Pulmonary Stenosis

Heart with Pulmonary Stenosis

An animation of a heart with pulmonary stenosis

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Pulmonary stenosis refers to a narrowing of the pulmonary valve. Normally, deoxygenated blood flows from the right ventricle through the pulmonary valve to the lungs to be oxygenated. In the event of pulmonary stenosis, the right ventricle must work harder to pump all of the blood through the stenotic valve. This may result in a thickening of the right ventricular wall (hypertrophy).

Standard treatment is a balloon valvuloplasty. This procedure involves the insertion of a heart catheter through a vein in the leg leading to the heart. A balloon at the tip of the catheter is positioned over the stenotic valve and inflated to stretch open the valve. In rare cases the child may require surgical repair.


What is Normal Cardiac Anatomy?

When your child has a congenital heart defect, there's usually something wrong with the structure of his or her heart's structure.

 
Learn More About Normal Cardiac Anatomy

Heart with Normal Cardiac Anatomy

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When your child has a congenital heart defect, there's usually something wrong with the structure of his or her heart's structure.

The heart is composed of four chambers. The two upper chambers, known as atria, collect blood as it flows back to the heart. The two lower chambers, known as ventricles, pump blood with each heartbeat to the two main arteries (the pulmonary artery and the aorta). The septum is the wall that divides the heart into right and left sides. The atrial septum separates the right and left atria; likewise, the ventricular septum separates the two ventricles.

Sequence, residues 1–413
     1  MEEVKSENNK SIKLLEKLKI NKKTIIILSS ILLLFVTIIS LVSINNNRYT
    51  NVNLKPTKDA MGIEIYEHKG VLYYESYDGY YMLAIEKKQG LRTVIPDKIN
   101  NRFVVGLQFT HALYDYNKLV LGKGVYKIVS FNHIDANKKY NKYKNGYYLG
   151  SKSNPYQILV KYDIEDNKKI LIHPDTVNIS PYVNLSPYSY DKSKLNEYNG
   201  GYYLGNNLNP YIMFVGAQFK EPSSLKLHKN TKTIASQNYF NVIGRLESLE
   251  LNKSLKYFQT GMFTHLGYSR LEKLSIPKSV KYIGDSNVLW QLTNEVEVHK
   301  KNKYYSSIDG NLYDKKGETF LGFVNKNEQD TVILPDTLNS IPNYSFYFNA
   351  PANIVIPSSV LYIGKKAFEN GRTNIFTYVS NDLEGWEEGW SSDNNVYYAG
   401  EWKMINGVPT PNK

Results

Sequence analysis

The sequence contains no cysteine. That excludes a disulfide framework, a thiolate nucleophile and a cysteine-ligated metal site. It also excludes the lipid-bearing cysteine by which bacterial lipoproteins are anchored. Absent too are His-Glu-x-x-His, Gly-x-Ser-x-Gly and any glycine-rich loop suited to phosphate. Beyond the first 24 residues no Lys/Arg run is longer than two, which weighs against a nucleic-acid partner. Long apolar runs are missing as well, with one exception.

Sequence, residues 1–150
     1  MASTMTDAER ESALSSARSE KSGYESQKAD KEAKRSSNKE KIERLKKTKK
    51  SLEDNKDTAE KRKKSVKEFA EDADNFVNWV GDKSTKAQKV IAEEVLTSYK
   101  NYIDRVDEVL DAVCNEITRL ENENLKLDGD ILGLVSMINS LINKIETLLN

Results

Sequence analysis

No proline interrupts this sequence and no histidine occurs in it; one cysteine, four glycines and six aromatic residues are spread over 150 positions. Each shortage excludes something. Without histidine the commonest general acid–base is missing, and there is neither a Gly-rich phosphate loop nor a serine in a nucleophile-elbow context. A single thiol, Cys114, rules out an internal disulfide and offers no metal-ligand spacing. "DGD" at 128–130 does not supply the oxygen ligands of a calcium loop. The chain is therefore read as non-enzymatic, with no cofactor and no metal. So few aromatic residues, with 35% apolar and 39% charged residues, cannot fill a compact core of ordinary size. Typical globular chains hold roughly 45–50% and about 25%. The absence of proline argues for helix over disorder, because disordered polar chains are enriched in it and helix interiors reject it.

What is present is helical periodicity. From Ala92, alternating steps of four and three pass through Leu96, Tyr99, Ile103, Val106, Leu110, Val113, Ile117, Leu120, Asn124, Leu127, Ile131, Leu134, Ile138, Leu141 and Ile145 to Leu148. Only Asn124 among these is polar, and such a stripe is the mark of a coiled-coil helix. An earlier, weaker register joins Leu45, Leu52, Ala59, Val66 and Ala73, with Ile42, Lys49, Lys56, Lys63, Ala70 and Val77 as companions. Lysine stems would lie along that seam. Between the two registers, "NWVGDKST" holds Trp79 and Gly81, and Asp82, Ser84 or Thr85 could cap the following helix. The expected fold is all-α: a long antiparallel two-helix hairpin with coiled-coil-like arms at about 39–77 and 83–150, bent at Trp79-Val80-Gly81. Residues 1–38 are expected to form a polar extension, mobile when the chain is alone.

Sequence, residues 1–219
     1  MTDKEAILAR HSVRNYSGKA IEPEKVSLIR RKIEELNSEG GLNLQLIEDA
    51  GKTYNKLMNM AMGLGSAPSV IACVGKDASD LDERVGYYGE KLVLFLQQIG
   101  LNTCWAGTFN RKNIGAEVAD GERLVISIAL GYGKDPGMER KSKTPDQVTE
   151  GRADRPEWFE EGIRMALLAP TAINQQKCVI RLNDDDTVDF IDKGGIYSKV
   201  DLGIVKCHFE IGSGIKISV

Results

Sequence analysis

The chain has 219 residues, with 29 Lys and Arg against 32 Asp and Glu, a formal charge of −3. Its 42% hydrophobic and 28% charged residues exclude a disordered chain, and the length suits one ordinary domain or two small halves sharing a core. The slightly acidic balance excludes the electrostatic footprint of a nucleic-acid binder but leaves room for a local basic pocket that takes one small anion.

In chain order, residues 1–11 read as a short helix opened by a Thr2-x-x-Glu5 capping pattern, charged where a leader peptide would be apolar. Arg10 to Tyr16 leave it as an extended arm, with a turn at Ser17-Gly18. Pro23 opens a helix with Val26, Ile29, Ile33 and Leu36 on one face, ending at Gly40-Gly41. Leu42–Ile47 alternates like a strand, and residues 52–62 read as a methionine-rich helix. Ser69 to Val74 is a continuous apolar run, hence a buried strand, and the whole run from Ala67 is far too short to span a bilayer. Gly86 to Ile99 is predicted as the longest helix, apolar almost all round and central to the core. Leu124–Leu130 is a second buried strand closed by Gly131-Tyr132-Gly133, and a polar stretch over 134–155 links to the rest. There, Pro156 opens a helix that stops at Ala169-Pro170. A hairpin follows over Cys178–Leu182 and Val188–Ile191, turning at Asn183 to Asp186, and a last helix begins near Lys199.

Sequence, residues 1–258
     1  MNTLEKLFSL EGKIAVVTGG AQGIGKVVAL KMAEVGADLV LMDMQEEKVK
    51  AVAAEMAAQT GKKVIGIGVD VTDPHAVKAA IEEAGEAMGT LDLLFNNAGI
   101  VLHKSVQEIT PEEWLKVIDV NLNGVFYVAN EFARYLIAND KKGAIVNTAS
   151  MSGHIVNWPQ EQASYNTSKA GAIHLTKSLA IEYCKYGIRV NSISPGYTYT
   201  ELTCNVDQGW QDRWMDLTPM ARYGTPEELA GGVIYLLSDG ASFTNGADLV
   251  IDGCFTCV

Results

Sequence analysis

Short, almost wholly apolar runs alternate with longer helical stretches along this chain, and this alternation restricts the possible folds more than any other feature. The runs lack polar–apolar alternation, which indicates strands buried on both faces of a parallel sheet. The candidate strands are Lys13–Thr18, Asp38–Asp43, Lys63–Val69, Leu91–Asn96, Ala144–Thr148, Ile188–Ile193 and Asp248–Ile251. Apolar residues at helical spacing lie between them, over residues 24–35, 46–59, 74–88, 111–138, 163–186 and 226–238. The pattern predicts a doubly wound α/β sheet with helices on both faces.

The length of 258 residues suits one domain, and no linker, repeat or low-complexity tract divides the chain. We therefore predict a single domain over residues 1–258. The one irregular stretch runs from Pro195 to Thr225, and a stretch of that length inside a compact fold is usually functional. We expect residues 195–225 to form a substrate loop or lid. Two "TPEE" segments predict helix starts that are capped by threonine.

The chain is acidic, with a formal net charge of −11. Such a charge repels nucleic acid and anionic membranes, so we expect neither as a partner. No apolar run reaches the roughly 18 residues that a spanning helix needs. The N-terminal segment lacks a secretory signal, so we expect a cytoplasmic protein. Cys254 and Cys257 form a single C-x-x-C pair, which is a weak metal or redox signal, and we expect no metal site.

There are four valves that control the flow of blood through the heart. These flap-like structures allow blood to flow in only one direction. The tricuspid and mitral valves, also known as the atrioventricular valves, separate the upper and lower chambers of the heart. The aortic and pulmonary valves, also known as the arterial valves, separate the ventricles from the main arteries. Oxygen-depleted blood returns from the body and drains into the right atrium via the superior and inferior vena cavas. The blood in the right atrium then passes through the tricuspid valve and enters the right ventricle.

Next, the blood passes through the pulmonary valve, enters the pulmonary artery, and travels to the lungs where it is replenished with oxygen. The oxygen-rich blood returns to the heart via the pulmonary veins, draining into the left atrium. The blood in the left atrium passes through the bicuspid, or mitral, valve and enters the left ventricle.

Finally, the oxygen-rich blood flows through the aortic valve into the aorta and out to the rest of the body.